2018 Q4 reads


  • The Power by Naomi Alderman: Flips the power balance between genders. A mind trip in the same league as the writings of Ursula K. Le Guin.

  • How to Change Your Mind by Michael Pollan: The book is pretty positive about psychedelics overall, which makes me a bit suspicious, because Listening to Prozac was also very positive back in 1993, and now they say Prozac is little better than a placebo.

  • The Way of Men by Jack Donovan: If you liked Fight Club, you will love this. For example:

    In the future that globalists and feminists have imagined, [there will only be] more apologizing, more submission, more asking for permission to be men. [...] There can only be more counseling and sensitivity training. [...] There will definitely be more taxes. There will probably be more Byzantine sexual harassment laws and corporate policies and more ways for women and protected identity groups to accuse you of misconduct. There will be more micro-managed living, pettier regulations, heavier fines, and harsher penalties.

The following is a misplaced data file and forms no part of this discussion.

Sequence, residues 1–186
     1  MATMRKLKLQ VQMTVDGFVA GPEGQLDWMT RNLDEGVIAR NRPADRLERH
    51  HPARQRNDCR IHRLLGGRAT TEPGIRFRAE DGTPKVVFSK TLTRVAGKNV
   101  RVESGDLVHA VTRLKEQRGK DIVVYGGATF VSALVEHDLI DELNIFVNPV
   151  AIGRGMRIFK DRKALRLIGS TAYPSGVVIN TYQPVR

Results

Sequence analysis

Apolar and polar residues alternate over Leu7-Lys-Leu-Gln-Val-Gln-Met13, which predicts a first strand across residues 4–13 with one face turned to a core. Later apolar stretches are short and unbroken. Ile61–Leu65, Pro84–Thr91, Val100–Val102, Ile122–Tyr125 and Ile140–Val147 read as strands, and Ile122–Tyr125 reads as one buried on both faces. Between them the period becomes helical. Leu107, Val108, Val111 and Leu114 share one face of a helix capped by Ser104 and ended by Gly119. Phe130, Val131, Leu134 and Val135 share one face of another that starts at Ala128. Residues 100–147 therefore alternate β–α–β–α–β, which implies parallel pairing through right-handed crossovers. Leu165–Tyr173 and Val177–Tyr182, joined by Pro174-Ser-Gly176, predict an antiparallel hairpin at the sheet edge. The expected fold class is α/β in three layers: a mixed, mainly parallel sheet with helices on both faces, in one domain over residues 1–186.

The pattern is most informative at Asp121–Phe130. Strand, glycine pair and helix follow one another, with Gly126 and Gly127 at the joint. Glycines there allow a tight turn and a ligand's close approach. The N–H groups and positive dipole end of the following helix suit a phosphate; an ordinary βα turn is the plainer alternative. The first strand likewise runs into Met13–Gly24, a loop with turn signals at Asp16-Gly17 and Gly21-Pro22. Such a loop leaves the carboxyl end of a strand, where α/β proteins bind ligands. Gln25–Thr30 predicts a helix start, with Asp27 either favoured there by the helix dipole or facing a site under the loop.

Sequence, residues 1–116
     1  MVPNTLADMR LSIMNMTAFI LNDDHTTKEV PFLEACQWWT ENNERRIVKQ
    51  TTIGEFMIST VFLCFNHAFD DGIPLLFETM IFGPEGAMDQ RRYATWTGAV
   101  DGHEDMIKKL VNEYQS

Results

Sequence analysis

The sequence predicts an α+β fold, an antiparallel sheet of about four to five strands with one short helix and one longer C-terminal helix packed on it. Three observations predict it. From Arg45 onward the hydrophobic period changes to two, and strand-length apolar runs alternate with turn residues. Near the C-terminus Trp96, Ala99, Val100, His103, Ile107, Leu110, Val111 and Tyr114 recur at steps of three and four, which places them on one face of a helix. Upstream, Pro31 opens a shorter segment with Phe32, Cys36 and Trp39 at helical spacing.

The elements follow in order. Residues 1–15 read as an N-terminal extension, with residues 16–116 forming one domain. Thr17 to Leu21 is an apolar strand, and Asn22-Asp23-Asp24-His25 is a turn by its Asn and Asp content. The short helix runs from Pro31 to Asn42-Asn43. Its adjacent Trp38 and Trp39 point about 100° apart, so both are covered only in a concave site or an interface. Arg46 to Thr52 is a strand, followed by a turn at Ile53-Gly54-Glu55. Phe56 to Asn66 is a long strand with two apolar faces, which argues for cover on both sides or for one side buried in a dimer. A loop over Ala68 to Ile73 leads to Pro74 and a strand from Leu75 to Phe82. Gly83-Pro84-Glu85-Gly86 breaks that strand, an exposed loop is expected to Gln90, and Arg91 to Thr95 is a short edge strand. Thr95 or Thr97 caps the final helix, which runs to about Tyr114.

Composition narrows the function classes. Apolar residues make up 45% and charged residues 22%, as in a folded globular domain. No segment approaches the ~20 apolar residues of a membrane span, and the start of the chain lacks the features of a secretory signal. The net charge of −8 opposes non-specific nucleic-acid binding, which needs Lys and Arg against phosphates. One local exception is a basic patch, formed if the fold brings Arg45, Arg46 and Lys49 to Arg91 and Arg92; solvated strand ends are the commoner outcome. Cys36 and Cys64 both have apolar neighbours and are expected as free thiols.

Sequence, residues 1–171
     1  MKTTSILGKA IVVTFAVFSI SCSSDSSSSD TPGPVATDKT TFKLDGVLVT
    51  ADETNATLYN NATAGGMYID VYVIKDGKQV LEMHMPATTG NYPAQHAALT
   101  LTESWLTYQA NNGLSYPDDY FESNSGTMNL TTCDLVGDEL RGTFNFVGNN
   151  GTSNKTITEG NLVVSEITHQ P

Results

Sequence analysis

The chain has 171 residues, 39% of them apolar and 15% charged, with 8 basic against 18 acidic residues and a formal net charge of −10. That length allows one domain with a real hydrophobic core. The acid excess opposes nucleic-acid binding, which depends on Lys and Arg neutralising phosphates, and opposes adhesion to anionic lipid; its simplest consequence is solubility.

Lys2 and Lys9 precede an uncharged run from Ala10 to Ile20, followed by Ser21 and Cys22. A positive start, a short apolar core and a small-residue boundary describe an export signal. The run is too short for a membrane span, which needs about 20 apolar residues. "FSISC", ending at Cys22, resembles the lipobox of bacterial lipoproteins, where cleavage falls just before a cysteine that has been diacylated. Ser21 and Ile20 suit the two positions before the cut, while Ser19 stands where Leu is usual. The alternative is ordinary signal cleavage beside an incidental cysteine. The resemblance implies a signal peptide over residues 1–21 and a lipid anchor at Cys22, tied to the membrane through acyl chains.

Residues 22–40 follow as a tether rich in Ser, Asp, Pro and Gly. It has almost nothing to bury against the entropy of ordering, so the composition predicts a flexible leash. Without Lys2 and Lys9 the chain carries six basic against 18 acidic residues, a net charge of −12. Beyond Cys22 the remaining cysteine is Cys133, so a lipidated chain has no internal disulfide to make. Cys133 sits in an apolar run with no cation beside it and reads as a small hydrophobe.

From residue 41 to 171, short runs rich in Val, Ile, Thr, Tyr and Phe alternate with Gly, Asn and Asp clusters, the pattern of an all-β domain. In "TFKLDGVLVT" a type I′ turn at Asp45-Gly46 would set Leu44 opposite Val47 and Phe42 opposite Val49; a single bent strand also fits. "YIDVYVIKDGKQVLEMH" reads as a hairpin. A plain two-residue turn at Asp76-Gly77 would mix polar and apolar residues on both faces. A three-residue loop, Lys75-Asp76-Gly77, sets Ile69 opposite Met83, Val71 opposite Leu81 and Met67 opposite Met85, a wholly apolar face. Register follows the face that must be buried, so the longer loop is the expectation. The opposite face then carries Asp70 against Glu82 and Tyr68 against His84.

• The Strange Death of Europe by Douglas Murray: About Muslim immigration into Europe. Written in the wake of the refugee crisis from a few years ago. The book seemed a bit alarmist at times, so I wanted to fact-check some of his stats. The result was a mixed bag:

    • p142: "In 2006 the British Medical Association reported that at least 74,000 women in Britain had been subjected to genital mutilation" and p226: "130,000 women in Britain [have] suffered this barbaric treatment." Sadly this seems to check out (source 1, source 2: 66K, source 3: 103K + 24K + 10K). Note the misleading phrasing: Many of these women suffered FGM in their home countries before moving to Britain, where it is illegal.

    • p312: "the Vienna Institute of Demography confirmed that by the middle of this century a majority of Austrians under the age of 15 would be Muslims." I found the source; see appendix 2. The claim is true in only two "migration = Muslim" scenarios, which assume "the share of Muslims among migrants increases linearly up to 100% in the period 2026-31". This is a pretty extreme assumption used as an illustration, not a prediction AFAICT. ("This scenario illustrates the relative influence of immigration of a specific group on the overall religious composition of the country.")


Cool stuff online: